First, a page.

GRAY HOUSE (Austin Lynch, Matthew Booth)

One of the many gems of this year’s Experimenta section, Austin Lynch, follows the steps of his family and, helped by cinematographer Matthew Booth, makes his father proud with this impressive study of human loneliness and confinement. Boosted by an appropriately disturbing electronic/drone soundtrack, it’s two central vignettes focus on the workers of Texan oil rigs and the inmates of a female penitentiary, respectively,through very short but hard-hitting testimonials. The other vignettes add some elements of docufiction, exploring work, nature and home as sources of diverse types of isolation, boosted by small roles from such renowned actors as Denis Lavant and Aurelie Clement; and also elements of video art, with Booth’s impressive landscapes giving the viewer some visually striking imagery to get immersed in and reflect upon.


Resembling thematically to Nexflix series Unbreakable Kimmi Schmidt, and in form to the school of quirky misfit protagonists well-established in US independent cinema – Napoleon Dynamite comes to mind; this feel-good comedy tells the story of a man abducted as a child and being raised with the home made videos his new parents film in their subterranean refuge, in which they teach him their vision of the world through the animated character the film is named after. Being rescued by the police as a young adult, the crash of discovering his real family and a whole new world he was not aware of shapes the core of this story. as he befriends a filmmaker who will help him to rescue his (only) favourite character for the screen. Fairly original and good-natured, this enjoyable debut offers further proof, though, of the Disneyfication of American independent filmmaking. What once was dysfunctional, groundbreaking and socially aware, now has morphed into praise for traditional family values and the power of friendship in the kind of films big studios, too busy with their other-worldy universes, don’t bother making anymore.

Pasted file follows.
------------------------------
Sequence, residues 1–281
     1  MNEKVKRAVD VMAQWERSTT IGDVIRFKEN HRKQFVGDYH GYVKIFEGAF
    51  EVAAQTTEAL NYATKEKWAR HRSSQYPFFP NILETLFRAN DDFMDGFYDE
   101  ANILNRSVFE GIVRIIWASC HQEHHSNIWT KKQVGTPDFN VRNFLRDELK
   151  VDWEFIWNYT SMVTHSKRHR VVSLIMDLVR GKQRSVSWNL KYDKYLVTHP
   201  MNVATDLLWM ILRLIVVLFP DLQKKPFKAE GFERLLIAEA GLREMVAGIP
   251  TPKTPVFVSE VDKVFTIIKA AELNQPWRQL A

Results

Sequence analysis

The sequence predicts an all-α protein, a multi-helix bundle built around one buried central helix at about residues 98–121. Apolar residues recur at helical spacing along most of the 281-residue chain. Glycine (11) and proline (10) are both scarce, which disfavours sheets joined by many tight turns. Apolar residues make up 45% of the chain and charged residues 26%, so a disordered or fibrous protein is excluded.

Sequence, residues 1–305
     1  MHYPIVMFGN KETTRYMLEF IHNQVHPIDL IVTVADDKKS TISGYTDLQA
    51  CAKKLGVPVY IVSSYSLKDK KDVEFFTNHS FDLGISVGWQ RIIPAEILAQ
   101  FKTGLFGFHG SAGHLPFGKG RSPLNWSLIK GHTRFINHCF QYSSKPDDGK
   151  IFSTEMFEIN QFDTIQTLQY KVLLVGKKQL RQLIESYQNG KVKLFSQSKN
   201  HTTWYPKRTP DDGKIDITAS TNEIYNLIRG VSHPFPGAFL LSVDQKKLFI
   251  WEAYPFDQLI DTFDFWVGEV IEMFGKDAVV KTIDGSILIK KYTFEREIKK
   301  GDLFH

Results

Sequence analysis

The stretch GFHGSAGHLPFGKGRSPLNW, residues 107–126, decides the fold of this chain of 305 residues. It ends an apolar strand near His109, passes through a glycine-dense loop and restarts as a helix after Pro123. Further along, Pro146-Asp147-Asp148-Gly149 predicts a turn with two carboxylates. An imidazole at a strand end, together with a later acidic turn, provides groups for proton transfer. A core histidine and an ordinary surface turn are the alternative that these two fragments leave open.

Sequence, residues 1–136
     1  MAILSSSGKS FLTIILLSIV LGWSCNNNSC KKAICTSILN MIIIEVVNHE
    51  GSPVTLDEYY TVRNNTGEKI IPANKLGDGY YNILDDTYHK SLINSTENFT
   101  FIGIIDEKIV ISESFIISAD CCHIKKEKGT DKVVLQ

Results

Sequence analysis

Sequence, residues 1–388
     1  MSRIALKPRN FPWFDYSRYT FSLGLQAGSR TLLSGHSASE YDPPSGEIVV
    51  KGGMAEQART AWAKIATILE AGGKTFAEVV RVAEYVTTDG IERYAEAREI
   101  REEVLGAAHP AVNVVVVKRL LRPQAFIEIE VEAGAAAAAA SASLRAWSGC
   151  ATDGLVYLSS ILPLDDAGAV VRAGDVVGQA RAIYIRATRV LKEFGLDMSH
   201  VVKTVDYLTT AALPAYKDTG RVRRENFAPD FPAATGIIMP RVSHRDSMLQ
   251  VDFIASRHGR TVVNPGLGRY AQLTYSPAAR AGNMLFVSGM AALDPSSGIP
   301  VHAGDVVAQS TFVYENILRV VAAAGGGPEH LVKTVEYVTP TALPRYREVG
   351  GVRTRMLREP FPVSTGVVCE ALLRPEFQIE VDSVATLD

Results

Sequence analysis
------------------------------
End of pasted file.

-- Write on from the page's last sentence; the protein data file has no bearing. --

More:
FILMWORKER (Tony Zierra)

The fascination for the work and the life of Stanley Kubrick seems infinite. The legendary filmmaker’s well-known habit of documenting and archiving almost his every move keeps on providing new chances for bringing his work back. This documentary, a must for all Kubrick fans and a delight for all cinefiles, focuses on the life of Leon Vitali, an up-and-coming film star who was hired to play the role of Lord Bullingdon in Barry Lyndon. His passion for film got him so close to the director that soon became a handyman, apprentice and close collaborator, leaving behind his promising acting career and establishing himself as Kubrick’s right-hand man. Though his personal involvement with the man, we learn about his working ethics and methods, as well as plenty of insighful anecdotes from his acclaimed films. But Vitali also stands out as one of the fiercest custodians of the master’s work, decicating his life andy efforts to preserve it once he passed away and supervising that new masters and format transfers arrive to the spectator with the best possible quality, as Kubrick would have wanted. A testimony to the collaborative nature of cinema and a deserved tribute to one of its unsung heroes.